Former Alaska Gov. Tony Knowles said Monday that he will run for a new term.
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In an interview with The Associated Press, the two-term Democrat invoked Alaska's only three-term governor, fellow Democrat Bill Egan, who returned to office in 1970 for the final planning of the Trans-Alaska Pipeline System.
"In that same spirit, I will make sure a natural gas pipeline is constructed," Knowles said. "We will never again have to pray for another boom if we have the will and the strength to do this one right."
Also Monday, House Minority Leader Ethan Berkowitz, D-Anchorage, said he would abandon his own gubernatorial campaign to run for lieutenant governor alongside Knowles.
In Alaska, a person can serve a third term as governor if it does not immediately follow the previous two. Knowles was elected governor in 1994 and again in 1998.
In 2004, Knowles ran and lost against Republican Lisa Murkowski for the U.S. Senate seat that her father, Frank Murkowski, had vacated and appointed her to when he became governor in 2002.
Frank Murkowski announced on Friday that he will seek another term.
Knowles said he had not delayed announcing his own campaign plans to see whether Murkowski would enter the race. Rather, Knowles said he waited until just before the June 1 filing deadline to make sure he could completely commit to a campaign and another four years.
With Knowles and Murkowski joining an already-crowded field of Republican and Democratic candidates, the governor's race seemed poised to heat up with the approach of summer.
The prospect of a gas pipeline is shaping up to be the dominant campaign issue.
Murkowski has released a proposed contract to set long-term tax and royalty terms between the state and its three largest oil companies. The deal, which must be ratified by the Legislature, is what the governor and company executives say will create the stability that is needed for the companies to build the 2,100 mile pipeline to Alberta, Canada, at a cost of about $20 billion.
Knowles joined other Republican and Democratic candidates in blasting the contract as having no actual requirements to build a gas line and no consequences for not building one.
"As we make our way through the 350 legal pages that are on the table, I think there are a lot of legitimate concerns. I'll be talking about them as the campaign goes on," Knowles said.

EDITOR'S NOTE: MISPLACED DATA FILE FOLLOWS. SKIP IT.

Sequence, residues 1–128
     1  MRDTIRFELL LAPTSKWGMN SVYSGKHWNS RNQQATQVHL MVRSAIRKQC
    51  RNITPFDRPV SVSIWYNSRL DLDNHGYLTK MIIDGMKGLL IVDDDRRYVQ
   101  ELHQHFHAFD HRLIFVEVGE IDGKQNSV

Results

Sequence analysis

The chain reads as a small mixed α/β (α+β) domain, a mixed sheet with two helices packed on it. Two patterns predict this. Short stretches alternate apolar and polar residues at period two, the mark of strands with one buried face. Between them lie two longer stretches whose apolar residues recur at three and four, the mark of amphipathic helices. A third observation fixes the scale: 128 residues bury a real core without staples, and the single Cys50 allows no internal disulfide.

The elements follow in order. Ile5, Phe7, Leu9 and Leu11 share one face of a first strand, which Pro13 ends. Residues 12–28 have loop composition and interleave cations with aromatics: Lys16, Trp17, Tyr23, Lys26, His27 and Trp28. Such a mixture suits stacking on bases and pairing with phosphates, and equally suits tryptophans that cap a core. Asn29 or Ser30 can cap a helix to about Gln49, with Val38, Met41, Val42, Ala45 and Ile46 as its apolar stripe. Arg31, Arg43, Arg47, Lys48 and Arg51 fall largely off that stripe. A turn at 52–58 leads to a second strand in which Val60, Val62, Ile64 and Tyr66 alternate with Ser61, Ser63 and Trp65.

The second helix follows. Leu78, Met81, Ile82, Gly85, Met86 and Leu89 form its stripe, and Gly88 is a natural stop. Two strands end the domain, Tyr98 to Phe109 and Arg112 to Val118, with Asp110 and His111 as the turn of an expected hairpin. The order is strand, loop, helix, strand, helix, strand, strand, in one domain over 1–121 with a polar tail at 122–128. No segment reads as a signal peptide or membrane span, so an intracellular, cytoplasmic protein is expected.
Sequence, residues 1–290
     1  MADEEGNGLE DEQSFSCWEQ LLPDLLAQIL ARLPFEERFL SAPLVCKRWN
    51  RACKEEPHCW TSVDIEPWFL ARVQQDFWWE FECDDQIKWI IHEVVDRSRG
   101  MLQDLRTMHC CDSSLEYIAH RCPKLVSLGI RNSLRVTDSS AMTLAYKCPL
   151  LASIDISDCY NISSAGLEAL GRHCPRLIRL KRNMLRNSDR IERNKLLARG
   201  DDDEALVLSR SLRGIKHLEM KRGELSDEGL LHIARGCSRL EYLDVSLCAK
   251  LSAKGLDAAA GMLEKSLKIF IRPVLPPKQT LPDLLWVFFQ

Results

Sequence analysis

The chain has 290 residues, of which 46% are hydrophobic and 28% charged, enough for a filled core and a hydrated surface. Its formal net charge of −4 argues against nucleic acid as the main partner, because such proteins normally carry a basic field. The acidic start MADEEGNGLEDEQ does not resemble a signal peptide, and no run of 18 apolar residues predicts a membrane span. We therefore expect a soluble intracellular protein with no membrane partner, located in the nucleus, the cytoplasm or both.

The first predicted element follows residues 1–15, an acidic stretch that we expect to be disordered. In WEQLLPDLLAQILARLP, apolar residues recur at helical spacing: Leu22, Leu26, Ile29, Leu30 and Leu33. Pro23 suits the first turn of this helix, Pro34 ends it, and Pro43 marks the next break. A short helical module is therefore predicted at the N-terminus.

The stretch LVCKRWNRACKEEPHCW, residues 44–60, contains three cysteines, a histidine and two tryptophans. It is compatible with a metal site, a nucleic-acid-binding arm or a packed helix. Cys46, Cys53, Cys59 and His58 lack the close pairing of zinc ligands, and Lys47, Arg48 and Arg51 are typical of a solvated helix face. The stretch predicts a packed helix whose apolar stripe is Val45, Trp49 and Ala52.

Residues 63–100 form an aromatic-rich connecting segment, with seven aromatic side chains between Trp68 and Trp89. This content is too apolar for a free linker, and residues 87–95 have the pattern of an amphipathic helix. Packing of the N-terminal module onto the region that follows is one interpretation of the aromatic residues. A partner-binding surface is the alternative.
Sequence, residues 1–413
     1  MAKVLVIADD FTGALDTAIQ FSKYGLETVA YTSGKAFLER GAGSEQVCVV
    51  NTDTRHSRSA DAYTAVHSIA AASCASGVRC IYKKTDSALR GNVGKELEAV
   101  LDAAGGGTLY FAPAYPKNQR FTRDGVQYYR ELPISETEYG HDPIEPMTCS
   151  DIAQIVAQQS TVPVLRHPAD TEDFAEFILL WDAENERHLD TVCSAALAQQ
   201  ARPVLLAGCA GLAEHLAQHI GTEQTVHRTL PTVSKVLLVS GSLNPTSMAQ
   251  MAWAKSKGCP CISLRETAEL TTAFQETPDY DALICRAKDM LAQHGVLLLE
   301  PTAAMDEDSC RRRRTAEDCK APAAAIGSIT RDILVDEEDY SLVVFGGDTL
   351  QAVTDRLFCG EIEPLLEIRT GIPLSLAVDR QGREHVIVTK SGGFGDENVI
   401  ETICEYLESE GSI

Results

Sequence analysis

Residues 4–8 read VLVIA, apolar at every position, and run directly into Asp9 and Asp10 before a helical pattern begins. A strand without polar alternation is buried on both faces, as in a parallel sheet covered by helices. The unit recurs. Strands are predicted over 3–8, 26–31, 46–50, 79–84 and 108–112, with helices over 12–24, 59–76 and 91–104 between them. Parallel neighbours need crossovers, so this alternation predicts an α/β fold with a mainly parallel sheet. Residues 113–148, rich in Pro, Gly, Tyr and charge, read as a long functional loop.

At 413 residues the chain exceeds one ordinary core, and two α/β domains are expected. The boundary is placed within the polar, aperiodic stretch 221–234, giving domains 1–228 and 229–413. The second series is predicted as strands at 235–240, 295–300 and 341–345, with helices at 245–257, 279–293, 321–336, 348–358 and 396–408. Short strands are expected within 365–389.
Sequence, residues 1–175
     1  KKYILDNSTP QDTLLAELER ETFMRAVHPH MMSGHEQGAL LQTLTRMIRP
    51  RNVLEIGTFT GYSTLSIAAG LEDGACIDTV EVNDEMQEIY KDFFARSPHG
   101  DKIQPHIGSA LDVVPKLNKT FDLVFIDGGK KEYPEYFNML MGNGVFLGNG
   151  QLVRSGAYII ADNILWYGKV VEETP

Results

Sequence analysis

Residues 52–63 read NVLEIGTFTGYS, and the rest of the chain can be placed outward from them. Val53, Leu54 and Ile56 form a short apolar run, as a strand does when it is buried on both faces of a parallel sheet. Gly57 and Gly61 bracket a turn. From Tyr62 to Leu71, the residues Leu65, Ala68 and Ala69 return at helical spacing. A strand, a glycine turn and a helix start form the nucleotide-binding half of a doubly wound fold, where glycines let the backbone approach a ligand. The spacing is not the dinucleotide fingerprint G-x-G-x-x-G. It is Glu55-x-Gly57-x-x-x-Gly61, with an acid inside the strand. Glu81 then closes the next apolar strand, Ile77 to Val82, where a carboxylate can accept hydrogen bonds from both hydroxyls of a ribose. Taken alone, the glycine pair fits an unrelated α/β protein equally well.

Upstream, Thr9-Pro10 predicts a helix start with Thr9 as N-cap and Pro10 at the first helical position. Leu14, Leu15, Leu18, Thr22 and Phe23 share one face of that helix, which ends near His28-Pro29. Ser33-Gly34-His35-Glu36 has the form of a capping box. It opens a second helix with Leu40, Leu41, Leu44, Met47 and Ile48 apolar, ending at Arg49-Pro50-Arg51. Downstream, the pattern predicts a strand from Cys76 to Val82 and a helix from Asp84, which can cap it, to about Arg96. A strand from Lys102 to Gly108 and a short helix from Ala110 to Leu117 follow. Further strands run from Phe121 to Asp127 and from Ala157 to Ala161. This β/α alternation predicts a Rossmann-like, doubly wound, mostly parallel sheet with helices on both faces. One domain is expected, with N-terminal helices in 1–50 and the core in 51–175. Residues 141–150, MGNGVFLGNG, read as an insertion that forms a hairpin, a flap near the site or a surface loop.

Knowles framed his other campaign messages around some of the other issues Murkowski has been most criticized for: a ballooning state budget in times of great oil wealth, holding the natural-gas contract negotiations in secret and the ethics scandal of former Attorney General Gregg Renkes, who resigned last year over conflict-of-interest allegations in a Taiwanese coal deal.
"I will restore trust and integrity to the office of the governor. No more secret deals, ethical lapses or special-interest agendas," Knowles said.
Murkowski spokesman John Manly said the governor was with his family on Monday and could not be reached for comment.
If Knowles is to face Murkowski at all in the Nov. 7 general election, both must win crowded primary elections on Aug. 22.
With Berkowitz switching to the lieutenant governor's race, the other main Democratic contender is Rep. Eric Croft of Anchorage.
Croft could not be immediately reached for comment on Monday afternoon.
Berkowitz said he decided to team up with Knowles after a couple of months' worth of conversations. If Knowles had decided not to run, he would have continued with his own campaign.
"To me, this wasn't about whether I could win, it's about what the strongest ticket could be that would have the best chance of keeping Alaska's promise and putting the state back on the right road," Berkowitz said.
Running against Murkowski in the Republican primary are former legislator and Fairbanks businessman John Binkley and former Wasilla mayor Sarah Palin.
Andrew Halcro is running as an independent.